I haven’t tried an e-reader yet, but I would definitely be interested to see how easy it is on the eyes. That’s been another reason why I haven’t bought one yet, because it looks like I’d be reading from a computer.

    • Jon Michaeli said,

      beltwaybandit – thanks for your comment. Personally, I’m skeptical of any e-reader that isn’t custom built for that purpose. Not sure a mobile phone will ever be conducive to reading long documents or books.

  2. LB said,

    I would like to own a Kindle, but there are a few things that have to be changed before I will jump in.
    1. The price
    2. The ability of Amazon to distroy what is on it.
    3. I want the ability to read other text documents easily.
    4. If I drop a book, I may injure the spine. If I drop a Kindle, uh-oh.

    • Jon Michaeli said,

      Good point about dropping it, thought back up of your books on a PC or in the cloud should be easy to do

  3. I am on my second Kindle (my husband got my Kindle 1 when I bought a Kindle 2), and I can tell you the instant gratification of an all-the-time wireless connection makes the Kindle into a crack pipe if you are a book addict. The free sample feature makes me more likely to try new authors, which is a good thing. What I like most is that I read a LOT more books now, because I keep my Kindle in my purse. That to me is worth the expense and the chance that I could break it (no problem so far). And by the way, I can easily put my own text and MS Word documents onto my Kindle (that has come in handy) as well as the many free ebooks that are out on the web.

    As for the infamous Big Brother incident, the thing that will prevent that form happening is not technology but public opinion.

    I agree that just as some books are a long way from working well as ebooks, some bookstores will still be around for the next several years, at least. I think the smaller stores with atmosphere and a knowledgeable staff (including used bookstores) are actually probably in better shape than the chains, because they offer something you can’t get from a Kindle– a social book/reading experience.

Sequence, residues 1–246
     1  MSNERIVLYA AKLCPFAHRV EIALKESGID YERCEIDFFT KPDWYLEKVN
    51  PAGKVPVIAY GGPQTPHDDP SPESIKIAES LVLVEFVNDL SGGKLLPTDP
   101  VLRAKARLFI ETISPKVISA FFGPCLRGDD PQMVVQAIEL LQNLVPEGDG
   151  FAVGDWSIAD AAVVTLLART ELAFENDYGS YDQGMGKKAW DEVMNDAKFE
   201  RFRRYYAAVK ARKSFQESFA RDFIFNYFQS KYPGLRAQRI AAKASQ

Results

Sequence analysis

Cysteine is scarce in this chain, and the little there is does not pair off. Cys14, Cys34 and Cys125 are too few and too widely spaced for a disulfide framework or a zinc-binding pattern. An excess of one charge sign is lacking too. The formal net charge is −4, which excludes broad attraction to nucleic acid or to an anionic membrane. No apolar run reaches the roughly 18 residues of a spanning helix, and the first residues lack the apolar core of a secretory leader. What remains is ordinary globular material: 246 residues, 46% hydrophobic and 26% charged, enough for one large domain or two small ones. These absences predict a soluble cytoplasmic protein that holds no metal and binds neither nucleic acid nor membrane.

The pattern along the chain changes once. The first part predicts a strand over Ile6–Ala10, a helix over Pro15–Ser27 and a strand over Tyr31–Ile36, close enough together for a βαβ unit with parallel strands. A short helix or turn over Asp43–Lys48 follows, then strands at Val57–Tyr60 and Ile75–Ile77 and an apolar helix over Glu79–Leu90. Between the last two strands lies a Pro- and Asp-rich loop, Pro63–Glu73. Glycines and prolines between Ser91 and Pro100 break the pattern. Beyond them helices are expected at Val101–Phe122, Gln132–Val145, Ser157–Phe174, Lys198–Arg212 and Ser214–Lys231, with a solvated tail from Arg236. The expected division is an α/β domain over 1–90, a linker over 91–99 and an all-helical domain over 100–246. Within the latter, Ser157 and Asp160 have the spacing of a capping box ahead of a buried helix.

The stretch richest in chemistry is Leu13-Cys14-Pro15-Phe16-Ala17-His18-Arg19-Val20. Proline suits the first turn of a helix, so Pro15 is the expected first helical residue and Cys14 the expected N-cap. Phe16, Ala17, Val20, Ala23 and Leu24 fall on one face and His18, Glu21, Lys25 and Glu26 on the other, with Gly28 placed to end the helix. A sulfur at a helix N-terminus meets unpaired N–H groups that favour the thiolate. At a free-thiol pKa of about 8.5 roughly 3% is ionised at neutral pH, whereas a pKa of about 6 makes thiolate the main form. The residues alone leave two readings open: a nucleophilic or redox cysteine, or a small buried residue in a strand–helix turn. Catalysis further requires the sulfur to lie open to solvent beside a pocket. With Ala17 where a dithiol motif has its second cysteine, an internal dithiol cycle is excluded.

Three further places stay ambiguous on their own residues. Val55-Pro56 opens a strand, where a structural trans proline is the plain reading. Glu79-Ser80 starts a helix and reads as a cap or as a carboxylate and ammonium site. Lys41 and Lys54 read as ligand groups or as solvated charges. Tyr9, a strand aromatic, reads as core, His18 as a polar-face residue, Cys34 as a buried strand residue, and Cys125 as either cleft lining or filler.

• Jon Michaeli said,

      karen webster newton – I agree about the social experience at community bookstores – in fact there should be a way to leverage online interest groups (via social networks) into an offline setting. Question – how do they monetize this?

  4. Linda Dahl said,

    Jon – I’d suggest rather than monetize, you adopt your local library for a social, book reading experience. Your library probably has book groups and multitudes of genres. You have pre-paid for the experience through your tax dollars. Libraries now serve a variety of functions, not the least of which is that of a community gathering place where all are welcome.

    At this point, Amazon actively trying to keep Kindles out of library collections.

    • Jon Michaeli said,

      Linda – I am guilty of under-appreciating our local library until I had kids. Since then, it has been one of their favorite activities, especially when the weather isn’t cooperating. Perhaps libraries will be one of the beneficiaries, since they are funded by tax dollars, whereas book stores need to turn a profit.

  5. LEJ said,

    I think that you’ve hit the nail on the head with it being an indicator of a disruptive technology, and while I agree with you that current technology makes items like travel books and cook books somewhat impractical for for Kindle/e-Readers, that is only this generation. I suspect the Kindle 3, 4, or 5 will be able to handle that, and in spades.

    I’d also say that whether or not the Kindle makes it, the technology and concept, not the package, is key. What makes the Kindle and other dedicated readers different is that it reads like a book in terms of eye-strain and comfort level, but it makes it easier by adding technology that makes sense, and while all it does right now is adapt existing material to the Kindle format, there will be that breakthrough of some sort that takes the platform and transforms how we read. The dictionary and links in the Kindle are an example,but I’m thinking there is something more they can do. When they figure out what that is, THAT will transform more then just bookstores.

    • Jon Michaeli said,

      LEJ – Thank you for your comment. I agree next generation Kindles will be able to further diminish the advantages of printed books. That said, one of my favorite activities is to read books to my kids at bedtime, and without the hand drawn illustrations and turning the pages together, it wouldn’t be the same. One of my favorite books growing up was Where the Wild Things Are (coincidentally it’s one of my son’s favorites), and I cannot imagine that story having the same impact on a digital screen.